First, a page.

Get Results Using Traditional Techniques

Gimmicks! Scratch-offs, removable tokens, stamp sheets, freemiums – you name it – traditional direct marketing has tested them all to lift response. So why do so many e-mail marketers use boring, static text or HTML techniques?

We can’t send three-dimensional items over the Internet, but we can create interactive e-mails that pull consumers into the message and get them to spend time considering the product or service offered. A traditional direct marketing mailing is nothing less than entertainment for recipients, directing their attention away from bills, etc. With an e-mail campaign, you want to achieve the same results and provide a little entertainment in an otherwise busy workday.

Can we assume that you have a list of recipients who will be interested in your offer? No spammers, please! And also can we assume you have an offer that is compelling and relevant to those recipients? Then half the battle is won.

Let’s get back to creative. In a traditional DM campaign, marketers need to design a package that is relevant to the consumer with an offer that is compelling. They need to convey value in the offer, promote placing the order and provide a satisfying experience to retain that customer.

A recent news release on the top 10 trends for 2005 by Web services provider Email-Labs stated, “Design will take on greater importance in e-mail campaigns. Designers will need to meet the challenges of designing with images instead of text to protect against content filters and to create differentiating e-mails that convey value and trust, drive action and retain subscribers.”

Using traditional direct marketing approaches, e-mail campaigns can be simple, responsive and results-driven.

The outer envelope, aka the subject line. The outer envelope, traditionally the storefront or store window, is the teaser that engages, creates curiosity and, with great copy, seduces to open. In e-mail marketing, this is the subject line. The subject line determines whether a recipient opens an e-mail. Keep your e-mails from screaming “irrelevant,” “spam” or, basically, “delete me.”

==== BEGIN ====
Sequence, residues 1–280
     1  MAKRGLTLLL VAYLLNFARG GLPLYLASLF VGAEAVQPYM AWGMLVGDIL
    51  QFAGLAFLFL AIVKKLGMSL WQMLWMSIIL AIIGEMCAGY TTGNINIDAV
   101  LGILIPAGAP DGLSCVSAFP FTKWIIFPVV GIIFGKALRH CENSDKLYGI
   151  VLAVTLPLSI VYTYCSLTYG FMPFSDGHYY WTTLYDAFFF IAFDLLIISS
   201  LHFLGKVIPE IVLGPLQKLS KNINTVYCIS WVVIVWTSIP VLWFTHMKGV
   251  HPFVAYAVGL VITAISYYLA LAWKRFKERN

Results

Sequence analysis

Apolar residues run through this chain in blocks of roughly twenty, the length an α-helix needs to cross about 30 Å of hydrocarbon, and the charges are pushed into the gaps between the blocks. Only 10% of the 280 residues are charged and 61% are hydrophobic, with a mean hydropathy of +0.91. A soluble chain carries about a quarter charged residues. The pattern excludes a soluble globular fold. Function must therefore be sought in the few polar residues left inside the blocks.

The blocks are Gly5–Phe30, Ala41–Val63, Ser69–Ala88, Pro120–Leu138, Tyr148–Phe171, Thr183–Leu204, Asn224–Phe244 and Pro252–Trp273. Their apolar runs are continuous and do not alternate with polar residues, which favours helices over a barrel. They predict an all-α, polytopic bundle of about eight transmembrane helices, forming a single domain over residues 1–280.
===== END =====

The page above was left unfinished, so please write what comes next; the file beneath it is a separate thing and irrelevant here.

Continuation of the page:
Your subject line and “from” line should work together. Recipients have been trained to be skeptical and leery of an e-mail from a person they don’t know. A tip is to incorporate your brand in the first part of your subject line. For example, USA Widget is offering a 10 percent discount. Just like a traditional outer envelope that conveys the offer, time-sensitive materials inside or “free gift,” so does your subject line.

Your subject line should entice, create urgency, offer value and be specific enough to send the message that if recipients do not act now, they will miss out on a great opportunity. Try to make an announcement or give news. Make the reader curious. Emphasize how the reader will benefit from opening your e-mail. And keep it short. Subject lines longer than 50-60 characters can get cut off, and you can bet they will get deleted. If you have a long subject line, ensure that the important part of the message comes first so that it creates interest. Lastly, avoid being too safe in your subject line. Just because you’re sending a monthly e-newsletter, don’t do this: “April 2005 Newsletter Issue 1, Vol. 2.” Create some buzz and get extreme: “President of USA Widgets Sees His Shadow.”

The direct mail letter, aka the e-mail body. Now we need to create content that sells, sells and sells some more. The traditional DM letter acts like the sales person in a store, describing the benefits of the product or service. In e-mail, this must be done quickly and interactively. Whether you create an in-store coupon such as the Gap and Borders Books do or an audio recently done for the TD Waterhouse Cup, you can capture interest, get prospects to your Web site or direct them to your establishment.

The TD Waterhouse audio e-mail was a mini-commercial announcing the tennis event to a qualified list of prospects. It drove interested tennis enthusiasts to the event Web site to place early orders. Spurring a quick boost in sales, “The e-mail blast produced four times more sales than our traditional print newsletter,” tournament manager Dan Nagler said.

The e-mail body also serves to start building a relationship with prospects or customers. Don’t oversell yourself. Remember that in every DM effort there is the “what’s in it for me” factor. Give prospects and customers answers to their problems, a way to make life or their jobs easier. Future contacts with them will be more responsive and lucrative for you in the long term.

Your copy should begin to develop a trusted friendship, someone your customers look forward to hearing from, getting you out of the junk bin and into the inbox.

Manage expectations. If you promise customers a monthly e-newsletter, make sure it doesn’t show up biweekly. If you send relevant, valued information to customers, they will want to keep hearing from you, but don’t over-saturate their interest. Keep them wanting more.

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